Catholic Mobilizing Network holds an annual poetry contest for young Catholics to take a stand against the injustice of captial punishment.
The Catholic Mobilizing Network (CMN) has selected the winners of its second annual Justice & Mercy Poetry Contest for Young Catholics in 2023. The contest, which began in 2022, invites young Catholic poets to reflect on the injustice of capital punishment through the timeless literary artform. This year’s winners were selected from dozens of contestants aged 18-30 from 18 US states.
In a press release, CMN Executive Director Krisanne Vaillancourt Murphy explained that the contest was initiated to recognize the “young people’s indispensable role in the work of death penalty abolition.” Murphy said of its value as a Catholic endeavor:
“All throughout history, poetry has communicated bold ideas about what matters most. We are grateful to these gifted young Catholics for making the connection between their faith and real people who are suffering in the world. Each of these incredible young people shared their perspectives on the injustice of the death penalty and, in their own words, what justice and mercy mean to them.”
This year’s grand prize – which includes $1,000 and the poem’s publication – went to 21-year-old Tara Thayer, a recent graduate of the University of Notre Dame who is currently completing a year of service with the Jesuit Volunteer Corps. Thayer’s award winning poem, titled “Bradley,” relates the story of a man recounting the day he “killed a man” on behalf of the state. The narrative takes place as prison officials are preparing to carry out his sentence of death by lethal injection, compelling readers to consider the harm presented by the ripples of his execution.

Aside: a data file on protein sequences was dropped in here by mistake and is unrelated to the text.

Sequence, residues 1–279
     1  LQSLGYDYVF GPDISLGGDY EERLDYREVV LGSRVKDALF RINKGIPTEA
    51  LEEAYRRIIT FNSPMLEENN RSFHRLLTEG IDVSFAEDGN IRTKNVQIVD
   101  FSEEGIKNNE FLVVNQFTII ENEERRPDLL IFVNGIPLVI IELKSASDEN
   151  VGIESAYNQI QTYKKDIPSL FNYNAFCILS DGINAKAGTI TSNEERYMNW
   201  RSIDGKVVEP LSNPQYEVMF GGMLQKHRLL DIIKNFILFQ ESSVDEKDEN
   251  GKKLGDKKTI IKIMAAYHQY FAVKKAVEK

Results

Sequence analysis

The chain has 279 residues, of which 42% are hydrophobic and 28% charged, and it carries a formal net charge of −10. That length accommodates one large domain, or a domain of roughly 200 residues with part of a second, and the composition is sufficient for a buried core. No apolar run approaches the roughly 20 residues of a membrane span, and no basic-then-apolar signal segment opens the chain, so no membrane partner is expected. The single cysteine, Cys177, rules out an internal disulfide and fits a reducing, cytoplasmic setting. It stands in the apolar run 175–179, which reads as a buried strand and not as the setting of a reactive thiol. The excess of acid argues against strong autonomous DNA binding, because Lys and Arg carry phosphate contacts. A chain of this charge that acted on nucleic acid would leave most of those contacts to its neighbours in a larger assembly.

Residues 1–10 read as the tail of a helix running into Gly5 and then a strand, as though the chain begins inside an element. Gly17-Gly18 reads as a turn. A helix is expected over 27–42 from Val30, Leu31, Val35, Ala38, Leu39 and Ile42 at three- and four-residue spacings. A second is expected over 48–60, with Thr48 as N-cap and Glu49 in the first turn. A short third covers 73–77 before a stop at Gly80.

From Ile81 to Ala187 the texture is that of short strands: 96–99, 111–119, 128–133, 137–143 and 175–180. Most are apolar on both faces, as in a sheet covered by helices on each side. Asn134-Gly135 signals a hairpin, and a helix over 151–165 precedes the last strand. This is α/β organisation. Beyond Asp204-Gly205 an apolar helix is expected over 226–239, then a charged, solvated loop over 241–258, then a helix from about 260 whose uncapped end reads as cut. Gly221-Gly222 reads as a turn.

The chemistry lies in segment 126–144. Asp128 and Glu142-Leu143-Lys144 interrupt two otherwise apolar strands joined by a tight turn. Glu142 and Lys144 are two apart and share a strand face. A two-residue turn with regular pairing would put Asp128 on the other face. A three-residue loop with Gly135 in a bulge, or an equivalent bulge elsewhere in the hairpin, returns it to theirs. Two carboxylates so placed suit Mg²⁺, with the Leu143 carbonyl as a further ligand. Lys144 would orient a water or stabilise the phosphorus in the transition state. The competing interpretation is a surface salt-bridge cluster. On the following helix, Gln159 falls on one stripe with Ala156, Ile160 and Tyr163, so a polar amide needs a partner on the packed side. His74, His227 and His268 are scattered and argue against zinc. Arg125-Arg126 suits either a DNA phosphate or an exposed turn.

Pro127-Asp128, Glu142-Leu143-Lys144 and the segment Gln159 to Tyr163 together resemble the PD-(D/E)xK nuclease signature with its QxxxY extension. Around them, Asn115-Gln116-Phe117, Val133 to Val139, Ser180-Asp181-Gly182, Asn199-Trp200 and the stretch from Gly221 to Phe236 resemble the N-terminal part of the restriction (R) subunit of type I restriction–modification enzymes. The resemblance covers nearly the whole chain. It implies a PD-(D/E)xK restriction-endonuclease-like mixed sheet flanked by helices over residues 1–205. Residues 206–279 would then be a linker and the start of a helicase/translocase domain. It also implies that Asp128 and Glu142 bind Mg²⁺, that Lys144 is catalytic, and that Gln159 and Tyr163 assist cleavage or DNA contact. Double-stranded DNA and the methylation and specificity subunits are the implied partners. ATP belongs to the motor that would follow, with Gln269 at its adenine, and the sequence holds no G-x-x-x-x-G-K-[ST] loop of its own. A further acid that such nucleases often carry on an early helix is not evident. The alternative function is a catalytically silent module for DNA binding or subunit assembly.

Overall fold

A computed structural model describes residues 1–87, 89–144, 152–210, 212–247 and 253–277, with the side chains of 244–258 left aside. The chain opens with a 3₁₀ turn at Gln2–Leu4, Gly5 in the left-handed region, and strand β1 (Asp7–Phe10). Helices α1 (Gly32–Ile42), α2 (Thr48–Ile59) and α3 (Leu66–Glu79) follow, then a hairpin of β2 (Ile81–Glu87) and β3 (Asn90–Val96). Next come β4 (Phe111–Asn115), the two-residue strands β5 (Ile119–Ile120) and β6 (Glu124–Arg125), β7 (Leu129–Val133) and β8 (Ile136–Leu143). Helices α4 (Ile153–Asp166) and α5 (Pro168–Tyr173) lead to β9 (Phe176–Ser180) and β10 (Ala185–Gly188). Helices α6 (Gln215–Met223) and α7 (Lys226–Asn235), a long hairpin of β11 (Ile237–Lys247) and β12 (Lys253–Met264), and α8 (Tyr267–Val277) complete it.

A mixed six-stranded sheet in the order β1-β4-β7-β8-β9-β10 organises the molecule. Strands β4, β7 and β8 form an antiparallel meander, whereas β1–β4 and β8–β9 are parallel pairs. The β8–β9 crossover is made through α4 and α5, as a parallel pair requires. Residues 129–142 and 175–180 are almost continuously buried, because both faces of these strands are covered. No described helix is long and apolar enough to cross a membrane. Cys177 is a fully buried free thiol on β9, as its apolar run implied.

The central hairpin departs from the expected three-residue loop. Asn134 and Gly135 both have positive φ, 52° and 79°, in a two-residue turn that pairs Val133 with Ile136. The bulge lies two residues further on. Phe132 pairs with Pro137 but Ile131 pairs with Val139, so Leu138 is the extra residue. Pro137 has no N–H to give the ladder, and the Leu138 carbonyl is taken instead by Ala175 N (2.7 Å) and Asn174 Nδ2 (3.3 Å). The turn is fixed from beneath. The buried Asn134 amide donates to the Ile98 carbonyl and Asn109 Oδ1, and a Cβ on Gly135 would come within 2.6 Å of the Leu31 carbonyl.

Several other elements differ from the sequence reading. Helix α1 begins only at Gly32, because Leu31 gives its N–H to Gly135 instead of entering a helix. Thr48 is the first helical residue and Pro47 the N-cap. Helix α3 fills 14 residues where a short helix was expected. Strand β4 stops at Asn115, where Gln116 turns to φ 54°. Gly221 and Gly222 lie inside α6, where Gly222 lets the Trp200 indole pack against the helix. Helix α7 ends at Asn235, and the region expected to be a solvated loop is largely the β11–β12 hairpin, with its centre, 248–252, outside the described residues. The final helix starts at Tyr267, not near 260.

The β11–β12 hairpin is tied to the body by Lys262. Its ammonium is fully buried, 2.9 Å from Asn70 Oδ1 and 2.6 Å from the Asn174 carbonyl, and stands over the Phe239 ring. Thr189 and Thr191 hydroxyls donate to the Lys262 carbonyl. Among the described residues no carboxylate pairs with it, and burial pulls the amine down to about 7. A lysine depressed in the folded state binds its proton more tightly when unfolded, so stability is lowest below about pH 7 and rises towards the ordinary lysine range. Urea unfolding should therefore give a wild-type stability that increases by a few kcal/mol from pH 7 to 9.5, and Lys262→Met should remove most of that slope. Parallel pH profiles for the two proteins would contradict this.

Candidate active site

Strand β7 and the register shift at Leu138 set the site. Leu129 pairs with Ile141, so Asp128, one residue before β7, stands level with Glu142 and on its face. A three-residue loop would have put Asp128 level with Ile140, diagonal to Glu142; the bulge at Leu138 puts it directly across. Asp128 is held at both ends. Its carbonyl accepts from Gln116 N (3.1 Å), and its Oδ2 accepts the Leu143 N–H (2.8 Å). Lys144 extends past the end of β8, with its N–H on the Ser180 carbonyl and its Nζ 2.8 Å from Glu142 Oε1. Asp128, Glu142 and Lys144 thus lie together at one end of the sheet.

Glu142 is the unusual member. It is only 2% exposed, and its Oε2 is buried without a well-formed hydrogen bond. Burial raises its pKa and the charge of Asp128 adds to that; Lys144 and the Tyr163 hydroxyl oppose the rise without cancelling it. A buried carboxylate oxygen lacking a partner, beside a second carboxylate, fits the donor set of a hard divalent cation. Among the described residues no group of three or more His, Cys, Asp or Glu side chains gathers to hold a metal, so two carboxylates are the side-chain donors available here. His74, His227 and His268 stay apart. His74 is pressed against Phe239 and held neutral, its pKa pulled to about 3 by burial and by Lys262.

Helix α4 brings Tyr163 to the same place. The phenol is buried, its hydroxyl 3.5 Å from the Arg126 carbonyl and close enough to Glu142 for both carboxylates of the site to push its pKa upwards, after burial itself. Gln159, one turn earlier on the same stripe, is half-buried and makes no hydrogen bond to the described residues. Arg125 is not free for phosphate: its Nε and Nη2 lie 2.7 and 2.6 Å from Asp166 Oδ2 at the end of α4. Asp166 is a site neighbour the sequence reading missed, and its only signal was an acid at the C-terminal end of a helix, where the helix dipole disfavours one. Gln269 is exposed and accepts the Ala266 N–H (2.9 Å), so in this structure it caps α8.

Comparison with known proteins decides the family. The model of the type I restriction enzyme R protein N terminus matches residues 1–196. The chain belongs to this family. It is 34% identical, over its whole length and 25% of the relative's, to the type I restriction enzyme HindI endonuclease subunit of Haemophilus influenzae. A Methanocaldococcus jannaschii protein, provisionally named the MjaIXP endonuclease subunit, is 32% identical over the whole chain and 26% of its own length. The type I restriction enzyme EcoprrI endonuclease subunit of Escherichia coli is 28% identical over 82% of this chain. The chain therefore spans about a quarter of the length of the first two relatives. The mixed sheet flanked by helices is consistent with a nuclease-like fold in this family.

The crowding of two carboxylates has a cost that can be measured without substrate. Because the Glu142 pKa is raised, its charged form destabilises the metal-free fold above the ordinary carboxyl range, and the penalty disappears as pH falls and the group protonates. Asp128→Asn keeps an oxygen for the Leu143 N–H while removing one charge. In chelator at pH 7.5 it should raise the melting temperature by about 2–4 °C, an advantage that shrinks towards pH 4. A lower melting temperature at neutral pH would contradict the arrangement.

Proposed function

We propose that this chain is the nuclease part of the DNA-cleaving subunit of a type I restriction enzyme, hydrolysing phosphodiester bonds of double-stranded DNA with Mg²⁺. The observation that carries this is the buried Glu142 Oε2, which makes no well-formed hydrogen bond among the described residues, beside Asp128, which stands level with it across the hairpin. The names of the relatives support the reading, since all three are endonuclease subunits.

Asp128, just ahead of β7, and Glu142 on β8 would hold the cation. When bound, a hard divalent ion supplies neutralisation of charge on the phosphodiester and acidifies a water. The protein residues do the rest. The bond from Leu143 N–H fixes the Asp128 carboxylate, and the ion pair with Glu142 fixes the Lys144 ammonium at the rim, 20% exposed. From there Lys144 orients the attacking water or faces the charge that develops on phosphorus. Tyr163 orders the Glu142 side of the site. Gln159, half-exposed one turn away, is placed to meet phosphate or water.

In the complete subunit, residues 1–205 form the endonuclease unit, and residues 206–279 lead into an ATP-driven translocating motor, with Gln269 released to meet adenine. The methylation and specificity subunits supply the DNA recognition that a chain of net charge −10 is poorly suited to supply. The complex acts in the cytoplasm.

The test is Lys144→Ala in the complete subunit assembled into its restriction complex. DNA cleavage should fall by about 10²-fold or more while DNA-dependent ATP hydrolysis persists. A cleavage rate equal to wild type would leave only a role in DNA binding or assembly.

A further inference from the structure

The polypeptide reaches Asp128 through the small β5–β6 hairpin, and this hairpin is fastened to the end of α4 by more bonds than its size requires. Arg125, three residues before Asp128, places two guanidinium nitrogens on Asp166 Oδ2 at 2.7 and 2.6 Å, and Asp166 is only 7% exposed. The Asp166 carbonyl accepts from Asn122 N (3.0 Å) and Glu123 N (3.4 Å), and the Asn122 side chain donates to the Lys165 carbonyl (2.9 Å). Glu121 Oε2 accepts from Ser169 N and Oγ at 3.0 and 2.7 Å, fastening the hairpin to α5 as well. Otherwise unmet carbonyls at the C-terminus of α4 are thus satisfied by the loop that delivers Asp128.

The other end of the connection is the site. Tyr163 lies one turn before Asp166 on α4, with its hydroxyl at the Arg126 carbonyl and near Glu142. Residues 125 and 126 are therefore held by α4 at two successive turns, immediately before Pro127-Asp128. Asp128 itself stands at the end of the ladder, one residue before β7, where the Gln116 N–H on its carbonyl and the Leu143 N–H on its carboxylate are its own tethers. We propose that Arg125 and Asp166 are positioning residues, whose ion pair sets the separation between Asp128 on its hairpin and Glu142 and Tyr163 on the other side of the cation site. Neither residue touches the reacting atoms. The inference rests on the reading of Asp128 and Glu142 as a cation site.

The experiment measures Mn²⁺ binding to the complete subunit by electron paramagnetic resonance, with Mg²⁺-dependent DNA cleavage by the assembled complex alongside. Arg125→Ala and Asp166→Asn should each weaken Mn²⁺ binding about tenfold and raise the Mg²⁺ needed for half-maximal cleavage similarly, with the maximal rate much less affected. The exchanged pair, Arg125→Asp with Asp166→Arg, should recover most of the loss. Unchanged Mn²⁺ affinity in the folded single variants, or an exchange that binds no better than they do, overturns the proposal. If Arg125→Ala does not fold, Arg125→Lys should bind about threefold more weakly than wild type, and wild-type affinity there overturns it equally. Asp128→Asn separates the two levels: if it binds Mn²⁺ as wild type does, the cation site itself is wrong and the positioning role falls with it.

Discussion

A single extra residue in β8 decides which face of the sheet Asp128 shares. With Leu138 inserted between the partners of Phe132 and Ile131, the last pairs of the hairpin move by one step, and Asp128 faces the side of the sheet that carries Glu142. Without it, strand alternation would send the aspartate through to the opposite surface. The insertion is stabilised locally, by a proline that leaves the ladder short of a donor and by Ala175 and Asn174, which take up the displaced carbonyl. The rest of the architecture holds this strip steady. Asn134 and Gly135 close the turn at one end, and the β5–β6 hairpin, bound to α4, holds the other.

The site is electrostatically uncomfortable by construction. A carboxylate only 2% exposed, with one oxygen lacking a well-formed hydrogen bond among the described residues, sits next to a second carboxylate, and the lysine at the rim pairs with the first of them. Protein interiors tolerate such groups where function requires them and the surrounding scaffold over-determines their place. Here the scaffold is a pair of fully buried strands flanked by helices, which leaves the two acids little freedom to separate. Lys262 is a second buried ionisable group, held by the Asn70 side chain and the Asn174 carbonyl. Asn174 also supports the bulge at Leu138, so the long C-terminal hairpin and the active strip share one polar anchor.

Eighteen-year-old Margaux Mayeux, a Louisiana native who will be attending Louisiana Tech in the fall of 2023, took home second place with her poem, “Made from Clay.” This poem, written from the perspective of a Death Row inmate, compares the Church’s understanding of the inherent dignity granted to each person by God with the way the US legal system determines the value of that life. Mayeux has earned a cash prize of $500 and her poem will be published.
The press release noted that one member of the selection committee, who was exonerated from death row, expressed how deeply “Made from Clay” resonated with their own experience. They wrote of Mayeux’s work:
“All the words and language spoken during my trial proceedings [were ones] that I didn’t understand. I was a child when my case happened. I was lost on everything they were saying except: killer, my name, death sentence and prison. That poem tells a story.”
Finally, in third place was Grace Przywara, a 28-year-old stay-at-home mother from South Carolina. Przywara’s poem, “Possibility,” explores the similarities between an executed man, Vernon, and the narrator, who are both poets. The poem seeks to answer one question: “What would Vernon’s life have been like if it hadn’t been ended by the state?”
Vaillancourt Murphy thanked all those who submitted their poems to the contest and hailed the efforts of young Catholics to raise their voices in opposition to capital punishment. She wrote:
“Young people are the future of our Church and the death penalty abolition movement. They consistently oppose capital punishment at higher rates than their older counterparts. They understand that the death penalty perpetuates racism, targets vulnerable populations, and risks innocent lives. For all these reasons, we have little doubt that young people will ultimately be the driving force behind ending capital punishment in the U.S.”
Visit Catholic Mobilizing Network to read more Catholic poems on the theme of Capital Punishment from the runners up.